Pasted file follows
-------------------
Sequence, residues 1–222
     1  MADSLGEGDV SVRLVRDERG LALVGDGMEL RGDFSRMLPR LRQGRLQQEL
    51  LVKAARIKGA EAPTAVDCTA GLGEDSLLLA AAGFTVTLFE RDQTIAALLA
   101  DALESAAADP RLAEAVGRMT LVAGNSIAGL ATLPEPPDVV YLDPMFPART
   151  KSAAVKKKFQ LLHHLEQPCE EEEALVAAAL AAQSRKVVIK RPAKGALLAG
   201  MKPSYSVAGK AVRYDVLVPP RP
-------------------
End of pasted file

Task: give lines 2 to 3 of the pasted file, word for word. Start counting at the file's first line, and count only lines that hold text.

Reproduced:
     1  MADSLGEGDV SVRLVRDERG LALVGDGMEL RGDFSRMLPR LRQGRLQQEL
    51  LVKAARIKGA EAPTAVDCTA GLGEDSLLLA AAGFTVTLFE RDQTIAALLA